New Chinese Bridge 'Substantial, Graceful'

"I think it will be agreed that the new bridge is both substantial and graceful and is achinese-bridge-newspaper-cutting-bHunts Post credit to the local craftsman employed in it's construction." remarked the Mayor of Godmanchester (Coun. A S. Pettit) last Wednesday when he snipped a red ribbon to mark the official opening of the Borough's new Chinese Bridge.

"I also wish to thank the county council and the Ministry for their financial assistance," the mayor added.

Welcoming the chairman of the County Council (Ald. W. Brown) to "This small ceremony," the Mayor continued, "The first bridge which was built as a whole at the old Tan yard and conveyed in its entirety to this spot, lasted for 42 years.""The same question arose as it did 18 months ago, whether to replace in replica or to erect a different type of bridge still keeping with the site.

"It was decided that the second bridge should resemble the first as closely as possible and though this was done in the pattern and design of the woodwork, Bird in his reminiscences, states that it was not such a high arch nor as graceful as its predecessor although no doubt more substantial.

"Finally, I would like to say how pleased I am that this project has been completed by Godmanchester Borough Council while it is still a separate body, for although we look forward confidently to the future as a partner in the combined borough, this bridge has come to be looked upon as almost a symbol of our town."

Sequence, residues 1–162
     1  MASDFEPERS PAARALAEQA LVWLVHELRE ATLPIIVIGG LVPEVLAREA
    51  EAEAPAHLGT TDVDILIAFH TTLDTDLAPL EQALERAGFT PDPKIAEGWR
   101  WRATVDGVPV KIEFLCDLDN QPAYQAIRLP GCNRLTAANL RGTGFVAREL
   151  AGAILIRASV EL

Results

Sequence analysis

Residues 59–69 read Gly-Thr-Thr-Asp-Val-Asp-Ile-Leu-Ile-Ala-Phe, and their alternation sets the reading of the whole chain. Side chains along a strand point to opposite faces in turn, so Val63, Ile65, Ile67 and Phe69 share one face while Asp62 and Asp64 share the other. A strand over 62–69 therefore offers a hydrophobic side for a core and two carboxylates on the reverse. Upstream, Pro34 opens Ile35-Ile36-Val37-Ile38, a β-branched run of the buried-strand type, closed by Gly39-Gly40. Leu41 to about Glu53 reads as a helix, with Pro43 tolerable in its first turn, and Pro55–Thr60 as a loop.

After the ceremony about 100 people and school children followed the Mayor and Corporation, the Town Clerk (Mr. Philip Davies), and the Rev. R. Edwards, Vicar of Godmanchester, over the bridge.

A Plaque commemorating the occasion has been provided.

The original bridge, built in 1827, was intended to relieve the congestion in the Mill Yard then leased by the Corporation to a Mr. Ashley who paid £100 towards its erection. The decision to erect it was taken at a meeting of the bailiffs and assistants, and was carried by a majority of only one.

In March, 1959, the Borough Council was told that the bridge was beyond repair, and although enquiries were made about the incorporation of an arch, eventually the bridge was closed.

A local firm G. B. Brudenell Ltd., was awarded the contract for the construction of the new bridge, after submitting a tender of £1,580.

The Chinese was renovated in 197?, another newspaper article can be found here.